The young holding hands furtively beneath an "igloo" or a "wigwam."
The swaggering, American-looking teenagers, with their Pompadour haircuts and their blue denim trousers rolled up.
And up and down the promenade will be endlessly strolling the pretty little chicks who look as if they've been poured into
their satin lastex moulds before leaving' home.
They'll be walking in a certain way, with a certain expression in their eyes.
They'll be playing the oldest game in the world— a game as old as Eve, and in a costume scarcely more substantial.
Bondi, for all that any body says, still has a curious habit of always being itself.

They've got everything at Bondi — sun, water, sand, youth, beauty, glowing health.
Shirley West, Norma Henderson, Jody Worrad find life good on the beach.

 1950 'Any hot weekend, Bondi Beach attracts more than Miami', The Sun (Sydney, NSW : 1910 - 1954), 6 January, p. 10. (LATE FINAL EXTRA), viewed 01 Jan 2017,

The Argus 
Melbourne, Wednesday 11 January 1950, page 5.

BRINGING BACK the surfboard, with two pretty assistants, at Lorne.

How to claim awards
An award of £5 will be made to the person nominated in "The Picture of the Day"
and an award of £2 will be made to all other persons whose heads are circled.


1950 'HAPPY PEOPLE HAVE FUN ON HOLIDAYS.', The Argus (Melbourne, Vic. : 1848 - 1956), 11 January, p. 5, viewed 7 April, 2013,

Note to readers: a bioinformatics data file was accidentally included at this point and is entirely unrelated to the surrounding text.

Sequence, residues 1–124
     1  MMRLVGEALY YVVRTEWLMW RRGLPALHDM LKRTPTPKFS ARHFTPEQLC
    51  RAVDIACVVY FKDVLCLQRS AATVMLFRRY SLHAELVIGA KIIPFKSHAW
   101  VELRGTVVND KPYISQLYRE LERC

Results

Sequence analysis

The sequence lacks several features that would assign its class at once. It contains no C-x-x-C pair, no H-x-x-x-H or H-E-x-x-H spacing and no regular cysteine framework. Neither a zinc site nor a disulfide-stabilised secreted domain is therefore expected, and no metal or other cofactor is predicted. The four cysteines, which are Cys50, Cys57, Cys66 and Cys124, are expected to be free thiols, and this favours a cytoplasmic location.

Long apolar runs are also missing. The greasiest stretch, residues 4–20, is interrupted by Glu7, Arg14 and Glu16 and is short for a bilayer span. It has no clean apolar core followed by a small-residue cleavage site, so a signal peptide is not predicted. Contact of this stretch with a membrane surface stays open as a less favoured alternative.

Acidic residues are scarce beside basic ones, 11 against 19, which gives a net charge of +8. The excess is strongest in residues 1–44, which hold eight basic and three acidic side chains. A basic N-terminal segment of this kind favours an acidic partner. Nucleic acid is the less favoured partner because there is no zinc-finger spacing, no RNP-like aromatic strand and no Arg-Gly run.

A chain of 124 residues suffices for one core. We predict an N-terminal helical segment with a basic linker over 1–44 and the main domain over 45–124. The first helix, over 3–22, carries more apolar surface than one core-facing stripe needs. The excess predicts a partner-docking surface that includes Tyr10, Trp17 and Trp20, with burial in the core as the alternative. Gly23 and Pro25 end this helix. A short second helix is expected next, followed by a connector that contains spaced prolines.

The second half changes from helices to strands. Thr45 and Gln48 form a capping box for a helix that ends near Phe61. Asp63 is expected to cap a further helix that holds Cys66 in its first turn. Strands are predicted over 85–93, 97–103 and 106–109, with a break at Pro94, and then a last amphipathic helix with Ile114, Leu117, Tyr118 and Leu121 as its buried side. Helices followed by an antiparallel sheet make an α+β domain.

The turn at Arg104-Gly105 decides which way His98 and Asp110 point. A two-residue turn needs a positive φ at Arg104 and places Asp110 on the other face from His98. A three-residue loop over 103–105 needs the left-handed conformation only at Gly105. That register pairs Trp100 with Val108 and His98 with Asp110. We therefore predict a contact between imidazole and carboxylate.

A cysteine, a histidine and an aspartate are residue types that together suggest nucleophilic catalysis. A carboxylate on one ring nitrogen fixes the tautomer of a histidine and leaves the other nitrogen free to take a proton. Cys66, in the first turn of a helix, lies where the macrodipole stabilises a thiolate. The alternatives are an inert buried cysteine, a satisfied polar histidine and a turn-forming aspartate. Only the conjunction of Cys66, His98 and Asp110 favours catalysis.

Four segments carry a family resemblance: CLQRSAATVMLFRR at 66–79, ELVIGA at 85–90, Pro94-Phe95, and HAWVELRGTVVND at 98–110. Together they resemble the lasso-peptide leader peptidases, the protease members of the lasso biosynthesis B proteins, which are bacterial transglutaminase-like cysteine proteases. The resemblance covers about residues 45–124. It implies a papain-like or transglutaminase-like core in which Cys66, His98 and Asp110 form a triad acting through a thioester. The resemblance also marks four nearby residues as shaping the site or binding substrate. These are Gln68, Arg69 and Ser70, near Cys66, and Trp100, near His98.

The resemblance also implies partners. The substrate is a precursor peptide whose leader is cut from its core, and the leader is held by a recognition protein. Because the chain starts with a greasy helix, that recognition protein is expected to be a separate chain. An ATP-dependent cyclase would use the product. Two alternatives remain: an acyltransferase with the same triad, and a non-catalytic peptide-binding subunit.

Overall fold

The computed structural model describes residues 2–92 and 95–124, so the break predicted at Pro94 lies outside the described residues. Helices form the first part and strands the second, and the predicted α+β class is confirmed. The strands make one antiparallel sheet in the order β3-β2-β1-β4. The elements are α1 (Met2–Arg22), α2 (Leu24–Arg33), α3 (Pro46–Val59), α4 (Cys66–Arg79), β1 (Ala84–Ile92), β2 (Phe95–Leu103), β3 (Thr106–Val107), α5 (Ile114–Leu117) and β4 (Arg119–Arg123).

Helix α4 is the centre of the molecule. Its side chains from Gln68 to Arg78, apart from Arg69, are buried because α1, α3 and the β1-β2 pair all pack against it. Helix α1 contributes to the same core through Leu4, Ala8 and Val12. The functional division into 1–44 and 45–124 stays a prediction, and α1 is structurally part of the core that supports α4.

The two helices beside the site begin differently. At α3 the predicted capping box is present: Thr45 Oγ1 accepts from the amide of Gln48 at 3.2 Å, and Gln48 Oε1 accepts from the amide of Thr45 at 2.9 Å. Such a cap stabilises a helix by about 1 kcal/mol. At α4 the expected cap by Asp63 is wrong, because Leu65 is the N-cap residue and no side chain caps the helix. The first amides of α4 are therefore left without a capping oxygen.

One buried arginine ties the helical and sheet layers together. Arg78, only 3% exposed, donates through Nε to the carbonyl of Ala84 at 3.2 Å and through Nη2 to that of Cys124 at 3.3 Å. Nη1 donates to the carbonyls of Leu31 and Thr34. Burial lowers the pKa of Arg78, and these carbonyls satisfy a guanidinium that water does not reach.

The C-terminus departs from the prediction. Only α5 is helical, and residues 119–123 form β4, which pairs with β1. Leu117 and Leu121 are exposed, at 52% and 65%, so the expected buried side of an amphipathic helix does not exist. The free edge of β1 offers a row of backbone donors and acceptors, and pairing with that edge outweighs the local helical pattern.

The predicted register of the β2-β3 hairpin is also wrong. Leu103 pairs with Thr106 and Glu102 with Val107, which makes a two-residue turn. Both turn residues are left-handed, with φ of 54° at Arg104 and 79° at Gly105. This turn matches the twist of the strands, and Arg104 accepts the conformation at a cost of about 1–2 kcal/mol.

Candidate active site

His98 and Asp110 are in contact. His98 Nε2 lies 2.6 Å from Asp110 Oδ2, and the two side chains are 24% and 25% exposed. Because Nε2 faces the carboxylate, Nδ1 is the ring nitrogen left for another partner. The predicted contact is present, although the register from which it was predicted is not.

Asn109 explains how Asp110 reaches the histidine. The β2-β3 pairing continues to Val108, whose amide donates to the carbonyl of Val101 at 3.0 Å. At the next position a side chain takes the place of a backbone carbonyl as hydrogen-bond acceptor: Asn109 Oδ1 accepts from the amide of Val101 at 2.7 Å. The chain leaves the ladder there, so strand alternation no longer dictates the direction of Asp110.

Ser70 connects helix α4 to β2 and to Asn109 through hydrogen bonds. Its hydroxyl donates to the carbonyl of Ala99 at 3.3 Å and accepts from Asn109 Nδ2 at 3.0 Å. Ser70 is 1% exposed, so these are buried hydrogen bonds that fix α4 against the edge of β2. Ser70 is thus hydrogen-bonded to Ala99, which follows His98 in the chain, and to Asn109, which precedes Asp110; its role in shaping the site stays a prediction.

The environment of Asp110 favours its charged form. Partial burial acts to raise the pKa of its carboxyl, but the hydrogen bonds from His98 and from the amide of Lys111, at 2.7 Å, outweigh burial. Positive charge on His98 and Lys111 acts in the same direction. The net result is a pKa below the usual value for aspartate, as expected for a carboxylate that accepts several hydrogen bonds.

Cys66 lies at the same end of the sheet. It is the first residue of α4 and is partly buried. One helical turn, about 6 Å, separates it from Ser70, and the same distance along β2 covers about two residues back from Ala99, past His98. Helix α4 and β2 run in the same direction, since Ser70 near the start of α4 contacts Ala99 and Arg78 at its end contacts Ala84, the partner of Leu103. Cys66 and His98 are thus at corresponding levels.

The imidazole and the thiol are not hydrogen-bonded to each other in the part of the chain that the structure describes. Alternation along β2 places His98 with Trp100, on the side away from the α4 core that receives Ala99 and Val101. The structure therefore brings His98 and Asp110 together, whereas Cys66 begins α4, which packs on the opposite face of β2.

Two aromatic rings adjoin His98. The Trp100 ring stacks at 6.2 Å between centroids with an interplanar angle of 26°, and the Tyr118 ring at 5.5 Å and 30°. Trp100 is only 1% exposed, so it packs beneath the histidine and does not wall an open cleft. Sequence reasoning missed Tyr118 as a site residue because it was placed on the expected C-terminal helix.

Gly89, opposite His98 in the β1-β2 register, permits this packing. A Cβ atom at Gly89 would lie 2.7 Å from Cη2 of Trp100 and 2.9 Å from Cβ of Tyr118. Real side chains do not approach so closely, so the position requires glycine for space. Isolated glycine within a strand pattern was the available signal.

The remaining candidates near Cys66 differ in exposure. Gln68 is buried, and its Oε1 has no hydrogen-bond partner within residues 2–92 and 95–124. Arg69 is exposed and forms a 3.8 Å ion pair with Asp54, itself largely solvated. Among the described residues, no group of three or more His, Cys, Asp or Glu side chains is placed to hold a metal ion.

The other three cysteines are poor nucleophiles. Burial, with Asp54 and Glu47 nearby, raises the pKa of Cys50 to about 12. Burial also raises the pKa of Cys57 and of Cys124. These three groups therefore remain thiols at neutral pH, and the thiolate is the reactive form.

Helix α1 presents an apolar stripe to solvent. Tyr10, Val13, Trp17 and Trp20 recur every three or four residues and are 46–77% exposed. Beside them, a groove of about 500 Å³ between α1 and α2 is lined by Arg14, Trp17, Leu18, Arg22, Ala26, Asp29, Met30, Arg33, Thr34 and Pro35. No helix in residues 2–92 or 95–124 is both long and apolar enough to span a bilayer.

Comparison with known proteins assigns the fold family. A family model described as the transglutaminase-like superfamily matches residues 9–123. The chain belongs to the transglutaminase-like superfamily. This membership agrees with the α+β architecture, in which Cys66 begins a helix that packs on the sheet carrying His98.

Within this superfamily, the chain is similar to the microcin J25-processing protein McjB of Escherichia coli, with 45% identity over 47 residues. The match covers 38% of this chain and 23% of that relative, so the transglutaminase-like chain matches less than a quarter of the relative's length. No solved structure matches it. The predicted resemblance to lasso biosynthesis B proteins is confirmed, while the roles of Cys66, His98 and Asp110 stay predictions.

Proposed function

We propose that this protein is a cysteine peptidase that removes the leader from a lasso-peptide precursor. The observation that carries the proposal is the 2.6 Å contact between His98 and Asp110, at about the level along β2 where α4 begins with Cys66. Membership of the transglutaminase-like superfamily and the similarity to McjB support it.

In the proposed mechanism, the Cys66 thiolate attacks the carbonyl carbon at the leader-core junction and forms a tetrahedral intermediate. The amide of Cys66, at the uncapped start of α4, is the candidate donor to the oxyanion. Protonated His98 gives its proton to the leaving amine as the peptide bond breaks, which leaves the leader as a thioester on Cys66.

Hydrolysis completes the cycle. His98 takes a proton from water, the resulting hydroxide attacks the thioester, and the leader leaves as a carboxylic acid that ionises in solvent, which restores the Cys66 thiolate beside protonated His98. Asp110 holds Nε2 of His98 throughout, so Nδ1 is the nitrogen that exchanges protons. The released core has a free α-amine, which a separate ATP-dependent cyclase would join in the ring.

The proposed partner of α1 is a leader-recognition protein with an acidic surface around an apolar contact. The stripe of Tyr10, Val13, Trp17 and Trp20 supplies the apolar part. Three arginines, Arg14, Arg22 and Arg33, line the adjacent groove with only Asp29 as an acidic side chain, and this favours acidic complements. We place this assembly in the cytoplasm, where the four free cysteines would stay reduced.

The Sydney Morning Herald
Wednesday 1 February 1950, page 5.

Lifesavers Suspended

Judge Curlewis said last night that the N.S.W. Surf Life-saving Association would not tolerate "larrikinism or abuse of officials at surf carnivals."
Judge Curlewis, as chairman of the N.S.W.SLL.S.A., was commenting on the suspension of four surfers by the executive of the Sydney branch of the S.L.S.A.
F. Serge Denman (Bronte Club) was suspended until the end of the season for misconduct.
It was alleged Denman had thrown watermelons indiscriminately during the carnival.
Former Australian champion surfboard rider Keith Hurst (North Bondi) was suspended until January 31 next year for abusing officials and insisting upon competing in an event when he was told he was not entered.
Queenscliff junior membet, Trevor Horton, was charged for misrepresentation when he reported to the judges that his name was J. Lawrence, after the novice surf race at Freshwater on Monday.

The fourth man was B. Lake, of Bondi, who had been charged with disregarding officials and not leaving the swimming area with his surfboard during the Manly carnival last Saturday.
Horton was suspended until January next year and Lake until September 30 this year.


1950 'ACTION BY SURFERS.', The Sydney Morning Herald (NSW : 1842 - 1954), 1 February, p. 5, viewed 6 April, 2013,

The Daily Telegraph
1 March 1950, page 6.